Friday, April 22, 2016

Interior Secretary Jewell defends, promotes America’s public lands, and threatens lawmakers


Interior Secretary Sally Jewell laid out the case in a speech Tuesday for the U.S. to make a course correction in conservation that confronts climate change, invests more in our natural and recreation infrastructure, and helps build a new generation of nature lovers.

And Jewell’s path will run through Idaho, where she said she’ll come to listen and promote the ambitious landscape conservation plan for the 173 million acres of sagebrush steppe. “I plan to visit Idaho to discuss building resilient sagebrush landscapes in the face of wildfires,” Jewell said.

She talked about how she came to Idaho and the West and listened to governors, ranchers, county commissioners and others as her land and wildlife agencies developed plans to protect sage grouse across 11 states. These plans incorporated science and the needs of the people who use and make their living across the huge ecosystem that is a defining symbol of the wide open spaces of the American West.

Best of all, the plans were robust enough to let the U.S. Fish and Wildlife Service determine that listing the sage grouse under the federal Endangered Species Act was unnecessary.

“That’s the model for the future of conservation,” Jewell said in a speech this week at the National Geographic Society. “That big-picture, roll-up-your-sleeves, get-input-from-all-stakeholders kind of planning is how land management agencies should orient themselves in the 21st century.”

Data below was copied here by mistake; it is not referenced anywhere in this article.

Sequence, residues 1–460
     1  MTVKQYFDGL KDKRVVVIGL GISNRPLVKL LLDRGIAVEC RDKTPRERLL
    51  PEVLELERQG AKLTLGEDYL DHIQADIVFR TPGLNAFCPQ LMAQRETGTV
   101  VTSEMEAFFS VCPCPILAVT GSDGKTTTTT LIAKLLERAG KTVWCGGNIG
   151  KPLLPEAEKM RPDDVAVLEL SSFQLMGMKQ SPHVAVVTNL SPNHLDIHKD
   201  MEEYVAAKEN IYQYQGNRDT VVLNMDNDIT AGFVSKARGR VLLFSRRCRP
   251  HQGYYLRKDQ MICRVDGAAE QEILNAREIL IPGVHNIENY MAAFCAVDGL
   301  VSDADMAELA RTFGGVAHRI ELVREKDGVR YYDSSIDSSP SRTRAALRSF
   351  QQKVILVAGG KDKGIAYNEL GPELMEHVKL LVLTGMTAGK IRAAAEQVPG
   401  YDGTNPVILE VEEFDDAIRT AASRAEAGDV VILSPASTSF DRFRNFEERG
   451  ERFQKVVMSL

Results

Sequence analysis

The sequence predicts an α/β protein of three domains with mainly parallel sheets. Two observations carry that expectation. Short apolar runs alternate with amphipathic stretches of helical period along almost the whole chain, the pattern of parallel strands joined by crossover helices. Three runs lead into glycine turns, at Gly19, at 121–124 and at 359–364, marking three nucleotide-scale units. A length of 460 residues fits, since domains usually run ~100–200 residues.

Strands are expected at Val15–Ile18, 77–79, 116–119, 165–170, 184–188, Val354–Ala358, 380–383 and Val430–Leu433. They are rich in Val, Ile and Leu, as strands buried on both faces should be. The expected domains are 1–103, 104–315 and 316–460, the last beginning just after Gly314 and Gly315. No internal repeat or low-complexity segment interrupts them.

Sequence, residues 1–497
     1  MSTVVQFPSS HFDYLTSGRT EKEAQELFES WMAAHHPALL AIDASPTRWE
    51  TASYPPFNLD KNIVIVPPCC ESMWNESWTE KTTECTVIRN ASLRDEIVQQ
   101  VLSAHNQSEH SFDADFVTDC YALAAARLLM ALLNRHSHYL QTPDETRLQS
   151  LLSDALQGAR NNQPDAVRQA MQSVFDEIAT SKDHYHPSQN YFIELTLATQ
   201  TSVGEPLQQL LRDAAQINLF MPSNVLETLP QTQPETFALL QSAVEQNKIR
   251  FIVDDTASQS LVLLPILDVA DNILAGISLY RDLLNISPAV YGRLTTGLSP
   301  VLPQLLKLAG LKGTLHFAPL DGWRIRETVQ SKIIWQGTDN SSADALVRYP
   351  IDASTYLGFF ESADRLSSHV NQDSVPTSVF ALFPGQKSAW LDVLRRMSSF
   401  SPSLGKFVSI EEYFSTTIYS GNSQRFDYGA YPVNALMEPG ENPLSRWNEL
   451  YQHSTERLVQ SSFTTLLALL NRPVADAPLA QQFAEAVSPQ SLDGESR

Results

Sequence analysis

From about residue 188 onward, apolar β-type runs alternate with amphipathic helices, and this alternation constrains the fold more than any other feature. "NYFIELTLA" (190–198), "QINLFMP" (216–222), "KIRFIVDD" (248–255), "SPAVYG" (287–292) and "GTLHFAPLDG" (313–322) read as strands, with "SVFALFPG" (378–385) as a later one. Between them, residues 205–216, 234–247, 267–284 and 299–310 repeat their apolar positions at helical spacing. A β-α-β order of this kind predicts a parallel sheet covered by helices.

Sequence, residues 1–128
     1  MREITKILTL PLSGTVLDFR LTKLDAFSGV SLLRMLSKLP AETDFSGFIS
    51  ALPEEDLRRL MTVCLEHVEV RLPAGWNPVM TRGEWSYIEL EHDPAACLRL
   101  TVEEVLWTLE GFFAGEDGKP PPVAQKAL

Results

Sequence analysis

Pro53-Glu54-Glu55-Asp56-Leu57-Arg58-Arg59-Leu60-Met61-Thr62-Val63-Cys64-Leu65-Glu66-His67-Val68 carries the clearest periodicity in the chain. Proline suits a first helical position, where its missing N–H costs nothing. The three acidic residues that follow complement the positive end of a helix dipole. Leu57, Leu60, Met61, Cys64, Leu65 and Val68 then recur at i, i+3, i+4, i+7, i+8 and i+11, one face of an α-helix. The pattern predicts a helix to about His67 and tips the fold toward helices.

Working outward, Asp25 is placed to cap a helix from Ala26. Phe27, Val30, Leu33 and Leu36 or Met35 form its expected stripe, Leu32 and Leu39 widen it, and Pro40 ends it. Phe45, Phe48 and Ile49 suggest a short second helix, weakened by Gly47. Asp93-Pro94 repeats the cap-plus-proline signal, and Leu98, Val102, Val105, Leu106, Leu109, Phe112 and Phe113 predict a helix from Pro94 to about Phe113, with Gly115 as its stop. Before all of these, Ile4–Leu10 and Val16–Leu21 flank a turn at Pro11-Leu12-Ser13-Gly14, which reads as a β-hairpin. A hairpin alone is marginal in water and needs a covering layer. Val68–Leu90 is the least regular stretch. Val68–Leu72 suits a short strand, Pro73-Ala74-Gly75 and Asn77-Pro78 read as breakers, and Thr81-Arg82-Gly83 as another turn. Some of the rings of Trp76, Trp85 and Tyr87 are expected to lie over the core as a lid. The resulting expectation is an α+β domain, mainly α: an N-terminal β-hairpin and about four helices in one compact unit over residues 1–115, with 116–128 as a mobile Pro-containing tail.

Actually, in her support and shrewd stewarding of the sage grouse effort, Jewell wasn’t really changing the course of conservation but building on collaborative and cooperative conservation that reaches back to the 1990s, said Lyn Scarlett, the managing director of public policy for the Nature Conservancy and deputy Interior secretary under President George W. Bush .

I covered Scarlett’s own success in turning the Bush Administration from a policy of encouraging widespread sage grouse habitat destruction under Interior Secretary Gale Norton to the beginnings of landscape conservation under Secretary Dirk Kempthorne. She’s worked closely with Jewell in her new job and watched as the former CEO of REI has used her business leadership skills to turn thought into action.

When Jewell first took the job, many insiders on all sides of the resource world told me she was tentative and naive about how you get things done in Washington, D.C. Unlike former Interior secretaries Cecil Andrus and Bruce Babbitt, she appeared interested in recommending President Barack Obama proclaim national monuments under the Antiquities Act of 2006 only when the proposals had widespread local support and Congress couldn’t deliver.

“If Congress doesn’t step up to act to protect some of these important places that have been identified by communities and people throughout the country, then the president will take action,” Jewell said in October 2013.

But this week she made it clear that consensus isn’t necessary for the proposals she intends to make before Obama leaves office. And she signaled to House Resources Committee Chairman Rob Bishop, R-Utah, that she might propose monument proposals for places targeted in wilderness bills he introduced, knowing his proposals included poison-pill language preservationists cannot support. She included Utah in her conservation road show to look at areas “where there are a range of conservation proposals — legislative and otherwise — to further protect public lands.”

Right here in Dona Ana County it was made quite clear that consensus wasn't necessary.

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